Above: portrait, called Fulke Greville (source from wikicommons) has been rubbed and extirpated to hide details along the left side of the sitter's face, his hat, and to destroy whatever inscriptions etc existed to either side of his head. Note that eye color is different and that the sitter's right eye appears damaged.
 Above: left, Fulke Greville (via wikicommons) and, right, the Droeshout engraving of Shakespeare (Folger Shakespeare Library). The Droeshout image has been reversed in this side-by-side. Many engravings were reversed images of painted portraits. We don't know if the Droeshout was reversed or not as the template portrait it was copied from has been lost.

Tuesday, September 3, 2019

20 Essential Questions To Ask When Attempting To Date An Elizabethan Portrait By Costume: Men's Portraits

Horace Vere. Gorget on neck indicates military background. Mini-skirt-like bum roll (with only minimal stuffing) and attached canion leggings. Cuffs. Pronounced peascod bulge to doublet (turned inward, a downward hook). Padded Bishop sleeves. Falling linen band collar with open V neck. Jerkin skirt medium. Hair short. (See correct date of portrait at end of post.*) Artist is George Glower (public domain, via wikicommons).
Below are 20 question that should help you date any Elizabethan portrait of a male courtier

Two recommended links for further delving:
--The Essential Glossary of Elizabethan Costume
--A More Extensive Guide to Dating Elizabethan Portraits By Costume: the Men

THE 20 QUESTIONS:
1. Is the sitter wearing a standing collar hugging the neck (up to the ear at times) that supports an open-at-front neck ruff? Maximum collar height to ears was during 1560's, then 70's, kept subsiding.

2. Is he wearing cuffs or ruffles at the wrist? Cuffs came into fashion .c 1583. Ruffles all but disappeared within a few years.
Above: detail Robert Dudley by van der Muelin (Yale Center for British Arts). Standing collar peaks at ear, pickadil tabs at all hems of doublet with double row at wings, wrist ruffles, non peascod doublet with no stuffing at sleeves, small figure-of-eight neck ruff open at neck. Date revealed at bottom of post.**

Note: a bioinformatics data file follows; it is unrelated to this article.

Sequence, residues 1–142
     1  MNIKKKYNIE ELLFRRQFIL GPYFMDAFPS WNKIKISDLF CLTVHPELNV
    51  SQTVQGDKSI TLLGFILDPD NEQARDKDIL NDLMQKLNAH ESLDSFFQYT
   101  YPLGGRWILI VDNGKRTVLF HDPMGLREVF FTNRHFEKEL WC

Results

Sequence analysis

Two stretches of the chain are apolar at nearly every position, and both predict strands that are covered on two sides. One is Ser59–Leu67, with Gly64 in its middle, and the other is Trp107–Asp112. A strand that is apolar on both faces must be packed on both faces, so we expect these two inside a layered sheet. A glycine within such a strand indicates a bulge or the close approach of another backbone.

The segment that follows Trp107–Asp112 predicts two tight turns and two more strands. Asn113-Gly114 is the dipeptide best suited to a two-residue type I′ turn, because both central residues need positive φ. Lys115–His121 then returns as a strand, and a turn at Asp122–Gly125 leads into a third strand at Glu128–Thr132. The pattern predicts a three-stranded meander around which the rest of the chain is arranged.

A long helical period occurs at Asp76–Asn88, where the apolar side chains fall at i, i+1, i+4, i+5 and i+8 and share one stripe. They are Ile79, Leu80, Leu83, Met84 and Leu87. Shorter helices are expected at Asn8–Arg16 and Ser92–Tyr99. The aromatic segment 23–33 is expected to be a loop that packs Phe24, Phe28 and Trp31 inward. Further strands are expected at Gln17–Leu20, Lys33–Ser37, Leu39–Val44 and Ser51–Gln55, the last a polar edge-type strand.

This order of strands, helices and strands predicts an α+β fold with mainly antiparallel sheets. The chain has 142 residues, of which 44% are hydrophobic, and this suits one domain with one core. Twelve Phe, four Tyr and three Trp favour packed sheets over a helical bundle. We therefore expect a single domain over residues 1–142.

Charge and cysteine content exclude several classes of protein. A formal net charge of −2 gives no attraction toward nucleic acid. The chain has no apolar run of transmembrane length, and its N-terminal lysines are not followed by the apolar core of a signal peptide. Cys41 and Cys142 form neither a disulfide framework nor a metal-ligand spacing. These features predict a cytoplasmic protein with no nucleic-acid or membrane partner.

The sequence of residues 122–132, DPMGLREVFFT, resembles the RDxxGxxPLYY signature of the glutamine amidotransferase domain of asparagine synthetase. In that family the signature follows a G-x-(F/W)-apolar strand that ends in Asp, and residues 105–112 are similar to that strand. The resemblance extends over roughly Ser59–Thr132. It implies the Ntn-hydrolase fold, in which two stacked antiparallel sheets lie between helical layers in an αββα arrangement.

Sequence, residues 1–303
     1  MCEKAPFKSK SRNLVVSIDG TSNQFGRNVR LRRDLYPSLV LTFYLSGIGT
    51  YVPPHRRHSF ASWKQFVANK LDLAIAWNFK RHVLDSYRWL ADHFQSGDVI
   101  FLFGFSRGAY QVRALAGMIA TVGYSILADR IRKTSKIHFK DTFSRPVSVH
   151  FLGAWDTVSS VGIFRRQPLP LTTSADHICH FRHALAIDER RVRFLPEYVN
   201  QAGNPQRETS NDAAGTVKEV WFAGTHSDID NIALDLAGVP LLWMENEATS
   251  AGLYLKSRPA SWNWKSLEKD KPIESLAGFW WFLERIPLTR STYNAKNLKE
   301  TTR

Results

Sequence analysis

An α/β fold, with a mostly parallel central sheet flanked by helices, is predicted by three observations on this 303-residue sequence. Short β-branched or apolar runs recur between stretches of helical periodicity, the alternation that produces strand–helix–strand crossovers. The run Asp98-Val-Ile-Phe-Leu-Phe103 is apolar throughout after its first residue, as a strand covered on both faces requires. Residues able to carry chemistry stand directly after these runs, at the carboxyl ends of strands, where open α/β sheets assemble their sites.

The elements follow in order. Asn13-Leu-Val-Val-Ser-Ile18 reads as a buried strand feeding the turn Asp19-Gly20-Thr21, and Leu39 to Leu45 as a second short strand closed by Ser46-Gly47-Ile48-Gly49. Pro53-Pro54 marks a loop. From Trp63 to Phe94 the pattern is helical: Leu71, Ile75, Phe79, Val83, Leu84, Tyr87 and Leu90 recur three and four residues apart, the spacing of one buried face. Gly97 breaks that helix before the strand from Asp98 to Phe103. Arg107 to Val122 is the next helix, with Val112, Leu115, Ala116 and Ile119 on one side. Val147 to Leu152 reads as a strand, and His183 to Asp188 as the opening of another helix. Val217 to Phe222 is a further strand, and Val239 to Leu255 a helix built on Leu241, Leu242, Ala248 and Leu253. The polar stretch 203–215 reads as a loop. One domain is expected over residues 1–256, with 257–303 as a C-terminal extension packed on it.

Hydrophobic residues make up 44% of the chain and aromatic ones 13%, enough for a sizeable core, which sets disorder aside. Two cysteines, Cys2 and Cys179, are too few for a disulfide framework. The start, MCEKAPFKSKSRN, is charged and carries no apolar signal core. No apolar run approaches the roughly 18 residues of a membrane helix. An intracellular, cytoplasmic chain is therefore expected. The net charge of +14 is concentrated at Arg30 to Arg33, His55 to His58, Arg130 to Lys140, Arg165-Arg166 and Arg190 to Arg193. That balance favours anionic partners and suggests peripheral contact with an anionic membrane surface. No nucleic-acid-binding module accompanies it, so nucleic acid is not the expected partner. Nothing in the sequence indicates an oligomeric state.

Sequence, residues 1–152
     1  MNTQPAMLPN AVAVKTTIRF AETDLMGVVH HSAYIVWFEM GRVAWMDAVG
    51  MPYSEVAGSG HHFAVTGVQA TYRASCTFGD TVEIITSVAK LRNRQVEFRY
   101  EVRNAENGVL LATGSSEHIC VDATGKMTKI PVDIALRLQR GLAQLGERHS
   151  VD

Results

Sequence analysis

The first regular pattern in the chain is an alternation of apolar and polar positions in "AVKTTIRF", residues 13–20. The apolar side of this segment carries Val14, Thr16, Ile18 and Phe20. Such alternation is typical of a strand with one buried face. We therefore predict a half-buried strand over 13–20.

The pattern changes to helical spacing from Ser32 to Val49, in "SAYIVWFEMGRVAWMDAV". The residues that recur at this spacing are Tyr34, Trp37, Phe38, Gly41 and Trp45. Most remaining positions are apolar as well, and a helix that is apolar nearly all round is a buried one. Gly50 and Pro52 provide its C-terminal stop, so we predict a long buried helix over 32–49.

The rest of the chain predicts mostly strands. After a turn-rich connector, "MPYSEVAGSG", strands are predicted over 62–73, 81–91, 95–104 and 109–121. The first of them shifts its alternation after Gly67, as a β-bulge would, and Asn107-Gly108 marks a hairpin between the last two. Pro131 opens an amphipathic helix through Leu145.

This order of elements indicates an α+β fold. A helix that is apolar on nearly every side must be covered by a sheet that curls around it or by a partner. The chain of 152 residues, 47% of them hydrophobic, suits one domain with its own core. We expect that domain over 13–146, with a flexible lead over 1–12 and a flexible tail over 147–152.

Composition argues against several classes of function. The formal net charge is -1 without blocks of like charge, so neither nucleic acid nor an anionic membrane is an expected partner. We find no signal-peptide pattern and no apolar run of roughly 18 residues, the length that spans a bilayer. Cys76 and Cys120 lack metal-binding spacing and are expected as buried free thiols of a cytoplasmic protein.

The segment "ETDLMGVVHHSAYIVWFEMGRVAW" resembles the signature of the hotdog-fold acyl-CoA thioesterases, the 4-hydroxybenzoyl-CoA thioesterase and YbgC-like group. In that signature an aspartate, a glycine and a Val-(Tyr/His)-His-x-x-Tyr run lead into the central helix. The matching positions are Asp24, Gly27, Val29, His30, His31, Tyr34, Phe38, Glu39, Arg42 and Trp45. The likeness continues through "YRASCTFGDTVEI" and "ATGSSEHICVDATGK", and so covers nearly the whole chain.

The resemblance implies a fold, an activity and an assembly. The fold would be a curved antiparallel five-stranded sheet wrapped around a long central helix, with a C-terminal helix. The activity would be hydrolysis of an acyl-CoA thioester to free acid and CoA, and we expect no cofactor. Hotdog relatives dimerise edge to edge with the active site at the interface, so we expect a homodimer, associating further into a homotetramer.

3. Is there a peascod bulge to the lower doublet? Peascod style was in fashion from 1575-c. 1596. If bulge is comically pronounced, turned inward like a hook (see top photo) then it's probably early 1590's--aka "peak peascod"--especially if the doublet is paired with very short, puffy upper hose.

4. Is his hair fabulously permed? 1585-88 was the glorious Armada perm. Curled hair remained stylish into 1600's. Hair mostly short in 60's and 70's. Curly and a bit longer in the 80's. Could fall too the ears and shoulders in the 1590's onward. Short hair always remained in style as well.

5. Is he holding or wearing a gauntleted glove, meaning the kind with wide fabulously decorated wrists coverings? Gauntlets came into fashion starting c. 1590. Note: holding a gauntlet in a portrait was a pose of nobility.

6. Does his upper hose (called trunk hose) resemble a stuffed mini skirt? The  mini bum roll (see top photo) short but stuffed wide at hips and often paired with canions (tubular leggings to the knees) popular 1580's until mid 90's. 

7. Are the trunk hose a bit longer to mid thigh and puffy? Before 1570, this popular onion-shape style of upper hose was called the kettledrum.